Mary is a mom.*
She’s packed plenty of lunches, sat through lots of karate classes and driven her kids to countless events. She and her husband have been married for 37 years and have six kids. As a mom, she works hard to make sure her family can get by—Mary has worked at the local high school for 21 years, both in the cafeteria and as a custodian.*
One night, shortly after her husband had gone through open heart surgery, she got the call that her youngest son was in trouble. He’d been out with some friends when they decided to break into houses.
Like any mom, Mary was angry. She knew Jacob was smarter than this, and she knew he needed to shape up. She was almost relieved when he was sentenced to juvenile detention for a month, despite the cost to her family.
“But his probation officer kept telling him, ‘You’re lucky you’re not 17. They’d lock you up in prison if you were older,’” Mary said. “Unfortunately, my son didn’t learn much from that.”
His dad’s illness and the typical struggles that all teenagers endure was too much for Jacob, Mary said.
“He had so many burdens, so much stress, and he started hanging out with older kids again.”
A year later, Mary got a second call. This time, Jacob had an unloaded firearm when the police picked him up with a group of friends. He was ultimately charged with armed robbery.
Jacob’s unloaded gun raises the issue of teenage brain development. A 15-year-old’s brain would process this differently than a fully-developed brain: The gun wasn’t even loaded, so it should be obvious that I meant to hurt no one. Adolescent brains are not equipped to fully process and react to the world around them—this is one of the main reasons raising the age is important. Advances in the study of brain development show that kids like Jacob are not capable of navigating situations as well as adults, but our justice system has not kept pace with science.
Mary did everything she could to make sure Jacob’s case was handled properly, but in the end it was out of her hands.
“They put him back in a juvenile center, but only until he was 16. Once he turned 16, they took him out and tried him as an adult. Two years later, he’s still in prison.”
Jacob will celebrate his 18th birthday in the Thumb Correctional Facility, a prison in Lapeer. Stories like this are the reason Michigan lawmakers are working to raise the age of juvenile jurisdiction in Michigan. Currently, 17-year-olds are automatically tried as adults in our system, regardless of the crime. A bipartisan package of bills to change this is currently before the legislature, but time is running out to get it passed before the session ends.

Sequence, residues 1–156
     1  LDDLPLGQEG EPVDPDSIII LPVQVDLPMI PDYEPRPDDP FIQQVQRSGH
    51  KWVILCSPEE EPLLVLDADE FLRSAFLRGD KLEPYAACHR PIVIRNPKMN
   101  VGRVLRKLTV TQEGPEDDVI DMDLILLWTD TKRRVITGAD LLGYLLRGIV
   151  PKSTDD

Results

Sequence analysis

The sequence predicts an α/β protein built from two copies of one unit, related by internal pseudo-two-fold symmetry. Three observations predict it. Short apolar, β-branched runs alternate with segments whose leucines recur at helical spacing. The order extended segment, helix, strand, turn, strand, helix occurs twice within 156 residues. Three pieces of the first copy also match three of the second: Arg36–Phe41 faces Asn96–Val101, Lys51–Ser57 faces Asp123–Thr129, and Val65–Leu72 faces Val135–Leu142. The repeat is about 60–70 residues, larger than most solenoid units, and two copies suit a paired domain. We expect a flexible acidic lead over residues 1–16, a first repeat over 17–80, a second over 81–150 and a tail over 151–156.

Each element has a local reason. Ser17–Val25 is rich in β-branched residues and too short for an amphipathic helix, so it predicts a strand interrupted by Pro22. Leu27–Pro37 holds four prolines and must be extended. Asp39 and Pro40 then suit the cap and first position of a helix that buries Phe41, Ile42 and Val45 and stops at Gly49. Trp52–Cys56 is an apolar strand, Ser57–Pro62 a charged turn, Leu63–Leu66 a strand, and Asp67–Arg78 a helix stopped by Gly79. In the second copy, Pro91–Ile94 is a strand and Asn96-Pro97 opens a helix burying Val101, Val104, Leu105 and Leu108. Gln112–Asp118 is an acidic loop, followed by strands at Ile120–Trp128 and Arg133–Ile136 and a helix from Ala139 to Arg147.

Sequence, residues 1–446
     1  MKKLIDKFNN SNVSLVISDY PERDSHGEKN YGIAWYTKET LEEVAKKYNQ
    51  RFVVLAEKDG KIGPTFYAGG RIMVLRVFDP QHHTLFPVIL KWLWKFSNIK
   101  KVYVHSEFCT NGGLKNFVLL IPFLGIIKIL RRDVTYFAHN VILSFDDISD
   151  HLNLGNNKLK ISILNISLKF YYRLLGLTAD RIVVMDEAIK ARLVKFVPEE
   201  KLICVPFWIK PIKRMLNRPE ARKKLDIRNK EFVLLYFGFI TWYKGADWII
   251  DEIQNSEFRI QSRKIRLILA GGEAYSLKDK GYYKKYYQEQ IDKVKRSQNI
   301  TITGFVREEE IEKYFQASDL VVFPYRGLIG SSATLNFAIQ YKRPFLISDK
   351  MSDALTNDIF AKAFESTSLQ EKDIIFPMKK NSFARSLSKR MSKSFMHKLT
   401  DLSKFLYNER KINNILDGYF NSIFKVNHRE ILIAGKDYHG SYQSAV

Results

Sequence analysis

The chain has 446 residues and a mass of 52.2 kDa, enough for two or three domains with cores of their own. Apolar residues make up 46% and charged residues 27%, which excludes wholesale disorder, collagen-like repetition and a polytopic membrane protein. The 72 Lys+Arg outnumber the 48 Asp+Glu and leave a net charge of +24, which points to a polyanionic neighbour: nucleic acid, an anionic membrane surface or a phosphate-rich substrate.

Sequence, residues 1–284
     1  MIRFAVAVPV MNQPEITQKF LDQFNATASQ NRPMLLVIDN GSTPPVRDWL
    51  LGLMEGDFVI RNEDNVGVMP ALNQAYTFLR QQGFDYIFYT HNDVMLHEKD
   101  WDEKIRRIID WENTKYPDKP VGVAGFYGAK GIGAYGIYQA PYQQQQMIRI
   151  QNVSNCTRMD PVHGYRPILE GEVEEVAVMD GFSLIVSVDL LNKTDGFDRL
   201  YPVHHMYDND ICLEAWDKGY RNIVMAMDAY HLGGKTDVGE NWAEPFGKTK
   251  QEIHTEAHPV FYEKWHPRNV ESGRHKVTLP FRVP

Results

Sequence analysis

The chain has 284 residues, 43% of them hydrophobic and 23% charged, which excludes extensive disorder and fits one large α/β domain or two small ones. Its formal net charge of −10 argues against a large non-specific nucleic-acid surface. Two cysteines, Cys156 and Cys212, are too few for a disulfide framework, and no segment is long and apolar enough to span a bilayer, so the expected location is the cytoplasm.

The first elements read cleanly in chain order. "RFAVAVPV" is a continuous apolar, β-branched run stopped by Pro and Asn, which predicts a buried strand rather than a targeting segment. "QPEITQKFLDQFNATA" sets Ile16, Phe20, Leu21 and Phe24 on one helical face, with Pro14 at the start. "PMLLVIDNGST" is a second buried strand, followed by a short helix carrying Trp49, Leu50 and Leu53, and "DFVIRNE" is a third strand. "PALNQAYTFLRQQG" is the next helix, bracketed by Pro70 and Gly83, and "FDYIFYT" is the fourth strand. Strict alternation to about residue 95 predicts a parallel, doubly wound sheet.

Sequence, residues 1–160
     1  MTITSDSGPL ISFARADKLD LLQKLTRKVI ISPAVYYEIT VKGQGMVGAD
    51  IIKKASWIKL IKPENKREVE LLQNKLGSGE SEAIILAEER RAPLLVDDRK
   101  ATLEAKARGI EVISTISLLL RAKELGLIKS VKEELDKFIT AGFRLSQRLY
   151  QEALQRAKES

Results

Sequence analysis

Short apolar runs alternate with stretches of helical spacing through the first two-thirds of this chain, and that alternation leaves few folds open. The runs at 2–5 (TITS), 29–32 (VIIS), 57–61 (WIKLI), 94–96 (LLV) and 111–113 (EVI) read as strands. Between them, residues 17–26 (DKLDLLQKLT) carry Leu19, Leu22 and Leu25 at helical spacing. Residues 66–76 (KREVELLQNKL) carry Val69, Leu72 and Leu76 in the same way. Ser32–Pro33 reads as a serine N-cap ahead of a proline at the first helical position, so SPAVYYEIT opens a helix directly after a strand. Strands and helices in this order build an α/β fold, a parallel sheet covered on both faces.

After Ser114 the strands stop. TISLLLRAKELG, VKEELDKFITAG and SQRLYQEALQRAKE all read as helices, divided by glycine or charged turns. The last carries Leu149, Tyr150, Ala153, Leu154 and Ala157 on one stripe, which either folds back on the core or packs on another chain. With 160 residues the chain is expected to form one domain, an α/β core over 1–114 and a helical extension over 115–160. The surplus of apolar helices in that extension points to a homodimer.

He’s housed with other younger offenders, but he’s around adults much of the day.
“He’s in contact with those older criminals when he eats, when he goes in the yard. It’s not a good situation,” Mary said. In fact, it’s a downright dangerous situation. While Jacob has not experienced violence while in prison, studies show that youth incarcerated in adult facilities more likely to be physically attacked, sexually assaulted and attempt suicide than young people in the juvenile justice system.
She talks to him as often as she can, but a 15-minute phone call costs $3. That adds up for a working family that already owes $40,000 in fees related to Jacob’s offenses.
Jacob earned his GED while in custody and wants to go to college when he gets out.
“He tells me, ‘Mom, I don’t understand. They wanna make us better and help us learn. But how do they expect us to learn in here? All these guys do is sit and talk about their crimes and what they’ve done in the past. They don’t talk about learning.”
Jacob is right to be on guard. Research shows that youth exiting the adult system are 34% more likely to re-offend, re-offend sooner, and escalate to more violent offenses than their counterparts in the juvenile justice system.
Mary said she wished people had helped her with Jacob sooner—she said the family asked for help before his second arrest.
“I remember going up to the probation officer and the attorney, begging them to find me a mentor, to get him a big brother. Anything. My husband’s illness won’t let him be the kind of dad he wants to be, and I knew Jacob could straighten up if he had the right influence. But they didn’t help me. They didn’t do anything until Jacob needed punishment.”
With her husband on dialysis, Mary says they don’t make the three-and-a-half hour trip to Lapeer often enough. They see their son about once a month.
“I know that my son did wrong, and I know he needs to be punished. But this is harsh. For a 16-year-old to be shipped over three hours away from his parents…it’s not right.”
Raising the age may not have changed the outcome of Jacob’s case. The specifics of his crime would likely have put him in the adult system regardless of the proposed policy.
But Jacob’s is the kind of story we hear often in Michigan. Instead of our kids getting the supports and treatment they need as youngsters, they’re shuffled through a system designed for adults.
Kids like Jacob and moms like Mary could breathe a bit easier if Michigan raised the age of juvenile jurisdiction to 17.
Juvenile courts offer highly effective diversion and community-based programs not accessible in adult court. Because the majority of 17-year-olds have non-violent charges, they would likely respond well to community-based options that are designed to keep kids in school, address underlying treatment needs, and engage the whole family.
*This blog post addresses the serious issue of juvenile jurisdiction in Michigan. When Mary contacted us with her story, we promised to reveal only what she was comfortable sharing. For that reason, we’ve left last names and other details out of the post. If you have a story to share, please submit it here.